*Double checks Feds announcement to confirm that Wells Fargo and Deutsche Bank actually passed the Fed's stress test*
It's good to be a bank shareholder right about now. Eighteen of the largest banks in the US passed the Fed's stress tests, only the second time in nine years that everyone has passed, thus paving the way for larger shareholder payouts in the form of dividends and stock buybacks.
Following the 2009 financial crisis, the Dodd-Frank legislation sought to ensure that another sh*tstorm of epic proportions wouldn't bring the economy to its knees. Among other controls meant to make Wall Street less fun than a back office job at Nomura, "stress tests" were introduced.
Large financial institutions face two tests annually, one which gauges how banks would fare if the economic equivalent of a sharknado hit and the second which measures resilience under the same scenario with one major difference: increased shareholder dividends and buybacks. The second and arguably more important test helps decide how much banks can pay out to shareholders.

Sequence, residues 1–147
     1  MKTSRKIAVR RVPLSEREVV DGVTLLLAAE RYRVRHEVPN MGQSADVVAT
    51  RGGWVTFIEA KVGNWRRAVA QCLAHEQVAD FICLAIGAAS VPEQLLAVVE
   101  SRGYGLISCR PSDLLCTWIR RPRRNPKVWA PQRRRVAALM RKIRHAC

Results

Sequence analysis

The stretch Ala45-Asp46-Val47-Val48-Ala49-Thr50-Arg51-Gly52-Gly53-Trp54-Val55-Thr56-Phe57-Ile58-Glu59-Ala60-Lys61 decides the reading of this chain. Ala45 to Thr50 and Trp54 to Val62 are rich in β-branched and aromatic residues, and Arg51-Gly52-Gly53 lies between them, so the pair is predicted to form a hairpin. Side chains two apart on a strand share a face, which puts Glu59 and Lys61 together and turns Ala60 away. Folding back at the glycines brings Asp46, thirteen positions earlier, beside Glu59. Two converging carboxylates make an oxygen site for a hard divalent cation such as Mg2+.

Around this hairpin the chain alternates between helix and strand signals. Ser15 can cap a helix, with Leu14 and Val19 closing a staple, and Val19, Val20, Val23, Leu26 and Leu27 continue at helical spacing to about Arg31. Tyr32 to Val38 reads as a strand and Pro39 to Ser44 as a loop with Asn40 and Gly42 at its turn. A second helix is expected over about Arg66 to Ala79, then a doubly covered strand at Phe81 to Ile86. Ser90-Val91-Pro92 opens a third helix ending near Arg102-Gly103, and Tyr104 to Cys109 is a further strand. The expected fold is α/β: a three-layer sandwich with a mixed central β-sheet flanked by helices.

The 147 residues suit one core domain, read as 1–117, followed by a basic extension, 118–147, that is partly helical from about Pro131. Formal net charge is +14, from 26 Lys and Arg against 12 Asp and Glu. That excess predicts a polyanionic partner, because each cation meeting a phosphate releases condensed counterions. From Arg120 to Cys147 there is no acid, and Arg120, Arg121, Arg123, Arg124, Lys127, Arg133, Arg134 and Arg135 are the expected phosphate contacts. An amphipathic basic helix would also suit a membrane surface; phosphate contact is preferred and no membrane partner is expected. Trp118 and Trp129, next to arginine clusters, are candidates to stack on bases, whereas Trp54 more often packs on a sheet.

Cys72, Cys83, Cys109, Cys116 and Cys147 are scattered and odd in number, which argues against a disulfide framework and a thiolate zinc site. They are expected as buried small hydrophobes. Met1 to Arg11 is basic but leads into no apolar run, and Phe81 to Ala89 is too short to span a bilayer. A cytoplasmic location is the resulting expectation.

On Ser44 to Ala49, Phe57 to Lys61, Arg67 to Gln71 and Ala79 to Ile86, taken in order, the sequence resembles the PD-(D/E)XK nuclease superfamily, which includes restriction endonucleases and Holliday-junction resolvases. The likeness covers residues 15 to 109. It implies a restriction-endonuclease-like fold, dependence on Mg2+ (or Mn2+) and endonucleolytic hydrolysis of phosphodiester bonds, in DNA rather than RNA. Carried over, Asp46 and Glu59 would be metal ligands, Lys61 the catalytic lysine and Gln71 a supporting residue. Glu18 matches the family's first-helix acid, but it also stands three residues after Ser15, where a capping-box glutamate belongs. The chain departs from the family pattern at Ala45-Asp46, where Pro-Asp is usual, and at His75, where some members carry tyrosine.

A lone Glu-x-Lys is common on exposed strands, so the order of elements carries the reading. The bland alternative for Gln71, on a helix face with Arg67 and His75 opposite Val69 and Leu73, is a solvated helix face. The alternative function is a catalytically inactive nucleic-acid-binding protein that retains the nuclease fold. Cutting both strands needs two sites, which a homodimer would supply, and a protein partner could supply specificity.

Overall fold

For the first time, the Fed will allow US banks to pay shareholders an amount higher than their respective profits because apparently, banks are healthy AF. Of course, all of the passing grades could have to do with the Fed making the test easier to pass earlier this year or the fact that this isn't the banks' first rodeo. Or, they could have gone full Aunt Becky.
There's one in every crowd
But what would the Class of 2019 be without a class clown? Although it won't be riding the short bus to school, Credit Suisse came up a bit short in its stress test (note: it didn't "fail"), officially getting slapped with a "conditional non-objection." This means the bank will have to fix issues the Fed found in its capital planning processes by the end of October.
The good news? Goldman Sachs and Morgan Stanley were handed the same designation last year ... so there's that.
Federal Reserve Clears Big Banks to Boost Payouts to Investors [WSJ]
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